Methods: The present thesis involved the preparation of nanoparticles of hydrophobic materials through rapid solvent exchange technique, including coating of the particles to control the size of the prepared nanoparticles. Investigating the effect of different concentrations of the materials used and the rate of nanoprecipitation on particle size and surface charge was conducted using dynamic light scattering and transmission electron microscopy. Afterwards, the results were compared to each other to find the inflection point in the particle size growth with the concentration of used material and effect of different coating on particle ripening.

This thesis as well involved the preparation of phospholipids coated orlistat nanoparticles through nanoprecipitation by solvent exchange technique, together with stabilising of the particles with surfactants to control the size of the prepared nanoparticles. Characterisation of the prepared nanoparticles was done using dynamic light scattering, transmission electron microscopy, differential scanning calorimetry (DSC) and polarised light microscopy (PLM). Prepared nanoparticles were further freeze dried to assess for shelf stability. Moreover, encapsulation efficiency and drug release patten were assayed.

Finally, preparation of novel LDL-like nanoparticles of the recent anti-cancer medication orlistat (ORL) was done through the simple straightforward solvent exchange technique, this includes coating of the particles with a mixture of phospholipids including POPC, DSPC, Cholesterol and DSPE PEG (5000) maleimide. An 11-mer peptide moiety, which resembles the active site of the apoprotein B of the natural LDL, is attached to the NPs through simple click chemistry. The prepared formulation was evaluated for its physico-chemical properties through size analysis and conjugation efficacy. Finally, the efficacy of the formulation was evaluated against breast cancer through cell studies on various breast cancer cell lines.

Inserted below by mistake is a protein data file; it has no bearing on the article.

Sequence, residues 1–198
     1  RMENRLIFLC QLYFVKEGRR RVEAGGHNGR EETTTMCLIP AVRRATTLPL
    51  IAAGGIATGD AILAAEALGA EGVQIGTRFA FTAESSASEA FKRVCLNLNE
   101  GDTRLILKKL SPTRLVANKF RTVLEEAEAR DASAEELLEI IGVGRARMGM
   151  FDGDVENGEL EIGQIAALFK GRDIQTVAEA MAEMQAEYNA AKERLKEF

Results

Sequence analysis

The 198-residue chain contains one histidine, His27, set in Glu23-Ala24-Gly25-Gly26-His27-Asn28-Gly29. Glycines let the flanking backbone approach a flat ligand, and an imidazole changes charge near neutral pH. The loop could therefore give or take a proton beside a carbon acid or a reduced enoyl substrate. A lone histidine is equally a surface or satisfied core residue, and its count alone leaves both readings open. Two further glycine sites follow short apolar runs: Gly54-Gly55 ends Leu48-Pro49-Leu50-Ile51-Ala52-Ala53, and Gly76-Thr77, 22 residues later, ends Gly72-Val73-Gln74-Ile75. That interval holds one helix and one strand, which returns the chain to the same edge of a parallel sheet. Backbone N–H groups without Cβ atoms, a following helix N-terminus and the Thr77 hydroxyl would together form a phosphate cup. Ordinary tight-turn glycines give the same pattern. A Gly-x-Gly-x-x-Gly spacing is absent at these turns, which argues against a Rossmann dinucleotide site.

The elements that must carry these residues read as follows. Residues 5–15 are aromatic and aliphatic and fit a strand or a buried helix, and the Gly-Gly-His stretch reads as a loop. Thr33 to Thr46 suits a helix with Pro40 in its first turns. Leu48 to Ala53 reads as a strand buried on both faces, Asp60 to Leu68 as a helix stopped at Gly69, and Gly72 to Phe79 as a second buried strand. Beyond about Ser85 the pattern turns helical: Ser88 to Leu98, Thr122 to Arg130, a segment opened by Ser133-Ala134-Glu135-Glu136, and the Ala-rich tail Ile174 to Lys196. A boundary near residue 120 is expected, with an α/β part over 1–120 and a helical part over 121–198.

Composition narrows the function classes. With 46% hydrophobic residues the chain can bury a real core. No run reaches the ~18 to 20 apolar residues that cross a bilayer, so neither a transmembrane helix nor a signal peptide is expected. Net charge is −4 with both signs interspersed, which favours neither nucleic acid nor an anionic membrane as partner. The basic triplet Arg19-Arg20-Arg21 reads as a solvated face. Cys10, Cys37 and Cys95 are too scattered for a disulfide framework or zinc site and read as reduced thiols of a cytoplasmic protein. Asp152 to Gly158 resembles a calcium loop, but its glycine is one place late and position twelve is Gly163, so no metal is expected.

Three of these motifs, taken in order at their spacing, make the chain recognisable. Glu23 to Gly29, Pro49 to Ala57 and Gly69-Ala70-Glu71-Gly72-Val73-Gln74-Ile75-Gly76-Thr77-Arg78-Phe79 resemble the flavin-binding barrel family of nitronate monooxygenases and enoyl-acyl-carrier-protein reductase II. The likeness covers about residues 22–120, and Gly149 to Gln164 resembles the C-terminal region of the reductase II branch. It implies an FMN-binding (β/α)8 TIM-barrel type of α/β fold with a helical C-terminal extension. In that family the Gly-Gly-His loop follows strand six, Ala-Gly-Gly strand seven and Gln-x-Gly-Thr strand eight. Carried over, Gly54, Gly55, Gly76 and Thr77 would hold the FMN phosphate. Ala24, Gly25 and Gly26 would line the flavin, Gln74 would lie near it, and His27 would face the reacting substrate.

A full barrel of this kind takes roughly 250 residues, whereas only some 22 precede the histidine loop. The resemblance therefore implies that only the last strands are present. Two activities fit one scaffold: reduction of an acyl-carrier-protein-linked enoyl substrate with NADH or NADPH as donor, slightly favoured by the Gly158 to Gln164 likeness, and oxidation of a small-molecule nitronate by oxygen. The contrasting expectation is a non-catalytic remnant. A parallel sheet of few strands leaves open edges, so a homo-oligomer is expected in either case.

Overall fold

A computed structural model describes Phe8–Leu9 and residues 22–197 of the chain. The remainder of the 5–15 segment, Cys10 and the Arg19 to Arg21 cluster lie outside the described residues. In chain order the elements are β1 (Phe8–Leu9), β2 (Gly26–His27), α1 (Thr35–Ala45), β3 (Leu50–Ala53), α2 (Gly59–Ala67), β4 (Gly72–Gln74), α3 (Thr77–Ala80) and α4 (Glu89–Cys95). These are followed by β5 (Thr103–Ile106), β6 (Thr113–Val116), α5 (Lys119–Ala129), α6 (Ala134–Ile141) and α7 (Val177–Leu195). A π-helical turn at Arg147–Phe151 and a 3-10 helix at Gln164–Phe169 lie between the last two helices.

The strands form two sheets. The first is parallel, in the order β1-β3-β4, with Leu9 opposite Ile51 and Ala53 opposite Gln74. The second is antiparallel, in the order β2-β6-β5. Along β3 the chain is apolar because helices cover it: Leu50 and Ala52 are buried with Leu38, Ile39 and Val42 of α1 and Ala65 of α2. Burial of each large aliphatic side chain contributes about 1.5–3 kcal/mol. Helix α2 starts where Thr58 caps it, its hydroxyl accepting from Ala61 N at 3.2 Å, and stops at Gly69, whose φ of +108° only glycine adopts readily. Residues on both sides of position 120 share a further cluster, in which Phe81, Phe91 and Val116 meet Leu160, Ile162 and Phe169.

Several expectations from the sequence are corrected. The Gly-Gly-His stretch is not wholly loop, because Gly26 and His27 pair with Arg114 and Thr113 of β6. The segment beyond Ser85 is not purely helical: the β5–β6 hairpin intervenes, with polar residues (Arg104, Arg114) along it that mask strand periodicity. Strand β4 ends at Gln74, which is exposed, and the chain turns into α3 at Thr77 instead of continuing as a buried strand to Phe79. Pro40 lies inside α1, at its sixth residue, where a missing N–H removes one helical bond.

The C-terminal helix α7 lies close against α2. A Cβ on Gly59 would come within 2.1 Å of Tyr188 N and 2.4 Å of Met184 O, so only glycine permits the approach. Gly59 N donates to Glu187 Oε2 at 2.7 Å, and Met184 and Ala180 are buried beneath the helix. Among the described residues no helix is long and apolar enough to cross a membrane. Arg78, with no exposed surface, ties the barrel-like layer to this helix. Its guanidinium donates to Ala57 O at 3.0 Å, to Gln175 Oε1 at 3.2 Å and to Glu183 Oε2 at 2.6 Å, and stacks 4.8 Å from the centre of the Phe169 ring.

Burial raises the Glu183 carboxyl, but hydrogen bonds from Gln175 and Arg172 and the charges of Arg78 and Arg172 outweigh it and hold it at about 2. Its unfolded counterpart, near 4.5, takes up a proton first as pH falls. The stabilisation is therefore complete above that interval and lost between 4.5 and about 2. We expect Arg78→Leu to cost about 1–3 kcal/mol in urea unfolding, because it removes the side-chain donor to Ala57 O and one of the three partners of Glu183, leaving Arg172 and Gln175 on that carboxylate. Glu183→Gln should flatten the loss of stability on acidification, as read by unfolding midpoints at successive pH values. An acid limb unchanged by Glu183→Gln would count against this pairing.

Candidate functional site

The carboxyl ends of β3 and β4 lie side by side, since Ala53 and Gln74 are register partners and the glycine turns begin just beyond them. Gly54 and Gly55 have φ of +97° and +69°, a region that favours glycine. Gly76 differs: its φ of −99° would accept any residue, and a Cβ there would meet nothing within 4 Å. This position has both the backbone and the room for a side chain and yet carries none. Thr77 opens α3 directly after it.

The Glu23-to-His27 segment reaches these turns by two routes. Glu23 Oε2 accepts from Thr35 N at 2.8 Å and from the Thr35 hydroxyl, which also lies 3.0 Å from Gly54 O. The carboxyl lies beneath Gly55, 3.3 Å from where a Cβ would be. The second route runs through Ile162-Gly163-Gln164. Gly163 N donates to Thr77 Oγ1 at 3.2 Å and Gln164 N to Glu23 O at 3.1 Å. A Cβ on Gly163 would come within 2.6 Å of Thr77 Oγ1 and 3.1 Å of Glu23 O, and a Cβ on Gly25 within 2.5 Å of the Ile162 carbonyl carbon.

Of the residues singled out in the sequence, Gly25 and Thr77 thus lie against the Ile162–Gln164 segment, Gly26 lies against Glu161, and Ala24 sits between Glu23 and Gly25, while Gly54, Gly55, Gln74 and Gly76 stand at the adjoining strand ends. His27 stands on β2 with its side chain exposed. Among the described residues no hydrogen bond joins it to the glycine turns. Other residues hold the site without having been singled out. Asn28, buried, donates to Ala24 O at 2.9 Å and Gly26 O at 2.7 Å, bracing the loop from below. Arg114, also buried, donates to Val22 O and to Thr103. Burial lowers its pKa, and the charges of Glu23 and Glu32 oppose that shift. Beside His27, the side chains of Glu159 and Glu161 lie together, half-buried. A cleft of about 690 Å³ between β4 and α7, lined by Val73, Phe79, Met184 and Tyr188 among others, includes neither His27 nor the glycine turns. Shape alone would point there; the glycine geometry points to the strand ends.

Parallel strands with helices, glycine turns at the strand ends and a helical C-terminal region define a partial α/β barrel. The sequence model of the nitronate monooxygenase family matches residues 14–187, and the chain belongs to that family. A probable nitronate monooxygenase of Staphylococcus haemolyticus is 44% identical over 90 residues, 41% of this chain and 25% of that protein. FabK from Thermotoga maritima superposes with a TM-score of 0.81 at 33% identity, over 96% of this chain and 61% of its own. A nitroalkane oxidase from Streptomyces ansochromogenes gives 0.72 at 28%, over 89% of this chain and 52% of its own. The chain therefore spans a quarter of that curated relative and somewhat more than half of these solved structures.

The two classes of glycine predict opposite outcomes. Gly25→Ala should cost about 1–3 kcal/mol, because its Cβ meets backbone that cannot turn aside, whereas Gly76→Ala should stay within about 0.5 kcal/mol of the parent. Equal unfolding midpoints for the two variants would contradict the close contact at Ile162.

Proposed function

Key findings: Results showed that the prepared nanoparticles of different materials used (triolein, trihexanoin, tricaprin, and orlistat) shared a common pattern of particle size growth upon using high concentrations of the material. Yet, coating the nanoparticles during the solvent exchange resulted in controlling the size at high concentrations, near to the therapeutic doses, keeping it below 50nm. Moreover, the slow rate of nanoprecipitation (0.11ml/min), which is mostly adopted, enhanced the particles ripening, unlike the rapid solvent shift technique (1 ml/s). The prepared nanoparticles were of suitable zeta potential to ensure surface stability against further aggregation.